It would go against an organizational mindset to have these two mostly inexperienced youngsters out on the ice together any time soon. Once Hamilton settles in as a defensive cornerstone and Krug gets some more playing time under his belt, they could be united for an outstanding duo.

    The Bruins could flirt with the idea by 2014-15, but both players will really be entering their primes by the 2015-16 season.

Sven Baertschi and Sean Monahan

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    Team

    Calgary Flames

     

    What's So Dynamic About Them

    Someone has to score goals for the Calgary Flames. With all due respect to Matt Stajan and Curtis Glencross, they don't have the chops to be top line players in the NHL. At least not on a playoffs team.

    These are dire times for the Flames as they're fully committed to a rebuild. The light on the horizon is bright though, as Sven Baertschi and Sean Monahan are both talented players capable of becoming top-line threats relatively soon.

    The difference between their styles of play is remarkable. Baertschi likes to make things happen on the rush while using his speed and shot to beat defenders. If there's a knock on his game, it's that he can sometimes overcomplicate things in the offensive zone.

    Monahan is the exact opposite. He plays a simple game and makes the most out of what's directly in front of him. If an offensive play isn't evident, he'll dump and chase. If there's a slick pass to be made, he'll make it. Monahan forces nothing and is responsible in all three zones.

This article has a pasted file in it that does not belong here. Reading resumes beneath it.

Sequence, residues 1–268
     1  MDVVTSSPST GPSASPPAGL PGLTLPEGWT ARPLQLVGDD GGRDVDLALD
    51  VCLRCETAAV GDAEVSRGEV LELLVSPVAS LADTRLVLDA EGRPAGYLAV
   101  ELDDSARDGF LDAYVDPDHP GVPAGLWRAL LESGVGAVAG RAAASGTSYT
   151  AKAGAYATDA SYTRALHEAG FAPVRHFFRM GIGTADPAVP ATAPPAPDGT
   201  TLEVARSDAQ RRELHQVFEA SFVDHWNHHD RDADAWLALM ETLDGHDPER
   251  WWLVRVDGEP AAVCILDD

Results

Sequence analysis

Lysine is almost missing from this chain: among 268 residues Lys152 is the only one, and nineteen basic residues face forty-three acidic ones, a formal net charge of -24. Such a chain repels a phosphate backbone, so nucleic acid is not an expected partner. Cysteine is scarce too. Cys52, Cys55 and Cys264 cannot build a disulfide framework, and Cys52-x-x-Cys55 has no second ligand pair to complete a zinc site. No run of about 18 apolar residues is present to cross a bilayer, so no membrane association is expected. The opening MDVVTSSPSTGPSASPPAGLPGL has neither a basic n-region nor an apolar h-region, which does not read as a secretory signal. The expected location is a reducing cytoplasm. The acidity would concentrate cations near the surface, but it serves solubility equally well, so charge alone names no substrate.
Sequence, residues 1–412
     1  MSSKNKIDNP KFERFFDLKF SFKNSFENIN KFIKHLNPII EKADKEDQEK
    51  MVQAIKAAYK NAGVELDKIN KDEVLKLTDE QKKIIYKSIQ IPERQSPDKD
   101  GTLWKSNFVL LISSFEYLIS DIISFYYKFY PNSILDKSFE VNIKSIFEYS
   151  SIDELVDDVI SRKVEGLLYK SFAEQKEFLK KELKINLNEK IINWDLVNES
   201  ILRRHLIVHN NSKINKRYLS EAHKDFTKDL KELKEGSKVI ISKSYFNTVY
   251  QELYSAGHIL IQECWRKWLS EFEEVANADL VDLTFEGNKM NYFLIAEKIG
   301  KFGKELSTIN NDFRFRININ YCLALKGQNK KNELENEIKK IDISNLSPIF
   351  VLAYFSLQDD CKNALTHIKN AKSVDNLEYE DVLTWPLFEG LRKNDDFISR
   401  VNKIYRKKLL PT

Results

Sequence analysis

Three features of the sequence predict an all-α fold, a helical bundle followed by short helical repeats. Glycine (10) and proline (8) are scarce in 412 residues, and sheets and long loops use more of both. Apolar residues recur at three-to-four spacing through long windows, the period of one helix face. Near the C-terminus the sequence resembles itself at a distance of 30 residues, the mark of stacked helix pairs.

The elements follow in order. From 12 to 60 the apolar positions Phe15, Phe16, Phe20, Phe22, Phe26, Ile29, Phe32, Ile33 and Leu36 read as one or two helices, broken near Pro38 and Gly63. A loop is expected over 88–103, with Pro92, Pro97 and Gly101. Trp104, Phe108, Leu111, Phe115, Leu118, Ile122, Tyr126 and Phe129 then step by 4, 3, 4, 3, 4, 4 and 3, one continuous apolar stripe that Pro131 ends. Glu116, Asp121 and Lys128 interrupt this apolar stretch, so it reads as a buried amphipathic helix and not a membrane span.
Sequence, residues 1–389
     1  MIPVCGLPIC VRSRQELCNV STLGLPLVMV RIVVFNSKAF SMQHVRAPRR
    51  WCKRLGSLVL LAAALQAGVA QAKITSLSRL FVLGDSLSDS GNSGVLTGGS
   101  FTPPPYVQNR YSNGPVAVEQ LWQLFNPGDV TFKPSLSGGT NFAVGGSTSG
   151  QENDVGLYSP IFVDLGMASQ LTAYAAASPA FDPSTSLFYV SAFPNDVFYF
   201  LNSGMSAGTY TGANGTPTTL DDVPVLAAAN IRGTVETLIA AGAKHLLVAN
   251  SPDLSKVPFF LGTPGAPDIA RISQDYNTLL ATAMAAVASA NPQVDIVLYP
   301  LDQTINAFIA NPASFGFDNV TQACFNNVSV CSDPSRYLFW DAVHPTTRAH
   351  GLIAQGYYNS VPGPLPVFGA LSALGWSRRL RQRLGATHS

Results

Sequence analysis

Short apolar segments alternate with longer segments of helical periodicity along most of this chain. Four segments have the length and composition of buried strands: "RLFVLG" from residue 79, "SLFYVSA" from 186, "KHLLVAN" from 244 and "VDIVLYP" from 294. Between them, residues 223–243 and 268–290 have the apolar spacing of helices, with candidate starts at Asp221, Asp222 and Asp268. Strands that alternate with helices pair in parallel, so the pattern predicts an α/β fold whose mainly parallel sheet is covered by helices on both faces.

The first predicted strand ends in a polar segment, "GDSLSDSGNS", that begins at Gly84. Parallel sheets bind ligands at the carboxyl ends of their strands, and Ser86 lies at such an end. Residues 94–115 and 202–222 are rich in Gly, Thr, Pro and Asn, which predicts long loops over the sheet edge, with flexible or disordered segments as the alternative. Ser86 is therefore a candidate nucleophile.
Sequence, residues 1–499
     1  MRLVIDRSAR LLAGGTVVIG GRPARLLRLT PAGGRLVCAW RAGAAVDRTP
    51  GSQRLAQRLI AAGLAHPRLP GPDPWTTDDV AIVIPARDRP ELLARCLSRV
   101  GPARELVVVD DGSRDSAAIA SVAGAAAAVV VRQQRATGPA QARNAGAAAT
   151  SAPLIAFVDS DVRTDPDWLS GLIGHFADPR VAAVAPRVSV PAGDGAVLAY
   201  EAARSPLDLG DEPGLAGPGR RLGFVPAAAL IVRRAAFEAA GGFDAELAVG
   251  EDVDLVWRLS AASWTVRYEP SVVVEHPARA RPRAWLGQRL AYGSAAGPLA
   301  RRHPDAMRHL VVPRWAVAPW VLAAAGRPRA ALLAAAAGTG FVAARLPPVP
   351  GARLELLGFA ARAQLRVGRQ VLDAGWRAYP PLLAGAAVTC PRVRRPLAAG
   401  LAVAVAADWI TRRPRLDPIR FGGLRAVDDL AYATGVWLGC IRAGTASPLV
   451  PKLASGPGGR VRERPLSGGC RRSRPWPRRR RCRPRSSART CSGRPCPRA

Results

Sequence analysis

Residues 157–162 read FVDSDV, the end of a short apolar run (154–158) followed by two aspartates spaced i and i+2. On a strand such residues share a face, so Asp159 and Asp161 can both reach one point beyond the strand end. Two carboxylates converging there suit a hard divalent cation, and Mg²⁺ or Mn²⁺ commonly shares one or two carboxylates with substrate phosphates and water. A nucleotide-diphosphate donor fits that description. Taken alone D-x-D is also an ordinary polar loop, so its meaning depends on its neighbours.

While it could be tough imagining those two styles, there's something to be said about how successful centers that actually slow the game down have been in the NHL. David Krejci has quietly become a borderline-elite player because of his capability to make the game more deliberate.

    Could Monahan's pace bring out the best in Baertschi, who struggles to find consistency on a yearly basis?

     

    Estimated Time of Impact

    Calgary's depth chart isn't pretty, and the incumbent veterans aren't likely to be on a very long leash this season. Expect Baertschi and Monahan to be given plenty of playing time, ironing out the holes in their games and developing their chemistry during the 2013-14 season.

Mikhail Grigorenko and Joel Armia

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    Team

    Buffalo Sabres

     

    What's So Dynamic About Them

    If Mikhail Grigorenko and Joel Armia can overcome questions about their consistency and character—questions that caused them to fall in their respective drafts—then they could be a tough-to-stop duo for the Buffalo Sabres for years to come.

    Armia is an established goal scorer who loves to have the puck on his stick. He drives wide and is capable of dropping the shoulder on large defenders while taking the play to the net. Armia is as north-south as scorers come, and has spent the last three seasons honing his craft in the SM-liiga.